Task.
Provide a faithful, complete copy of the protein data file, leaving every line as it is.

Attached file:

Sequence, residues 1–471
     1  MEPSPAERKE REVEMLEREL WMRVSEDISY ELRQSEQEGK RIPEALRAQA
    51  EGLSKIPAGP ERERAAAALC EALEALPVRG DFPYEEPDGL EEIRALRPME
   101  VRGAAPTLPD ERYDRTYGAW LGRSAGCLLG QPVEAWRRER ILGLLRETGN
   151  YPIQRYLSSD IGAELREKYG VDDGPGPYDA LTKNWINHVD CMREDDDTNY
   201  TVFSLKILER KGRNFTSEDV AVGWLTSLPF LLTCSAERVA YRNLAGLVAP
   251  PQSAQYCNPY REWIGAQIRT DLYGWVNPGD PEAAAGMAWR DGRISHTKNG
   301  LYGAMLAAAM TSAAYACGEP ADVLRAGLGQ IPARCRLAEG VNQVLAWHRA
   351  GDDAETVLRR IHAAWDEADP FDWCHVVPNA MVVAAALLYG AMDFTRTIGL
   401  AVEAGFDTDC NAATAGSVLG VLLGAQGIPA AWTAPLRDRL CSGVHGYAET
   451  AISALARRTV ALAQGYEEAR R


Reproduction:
Sequence, residues 1–471
     1  MEPSPAERKE REVEMLEREL WMRVSEDISY ELRQSEQEGK RIPEALRAQA
    51  EGLSKIPAGP ERERAAAALC EALEALPVRG DFPYEEPDGL EEIRALRPME
   101  VRGAAPTLPD ERYDRTYGAW LGRSAGCLLG QPVEAWRRER ILGLLRETGN
   151  YPIQRYLSSD IGAELREKYG VDDGPGPYDA LTKNWINHVD CMREDDDTNY
   201  TVFSLKILER KGRNFTSEDV AVGWLTSLPF LLTCSAERVA YRNLAGLVAP
   251  PQSAQYCNPY REWIGAQIRT DLYGWVNPGD PEAAAGMAWR DGRISHTKNG
   301  LYGAMLAAAM TSAAYACGEP ADVLRAGLGQ IPARCRLAEG VNQVLAWHRA
   351  GDDAETVLRR IHAAWDEADP FDWCHVVPNA MVVAAALLYG AMDFTRTIGL
   401  AVEAGFDTDC NAATAGSVLG VLLGAQGIPA AWTAPLRDRL CSGVHGYAET
   451  AISALARRTV ALAQGYEEAR R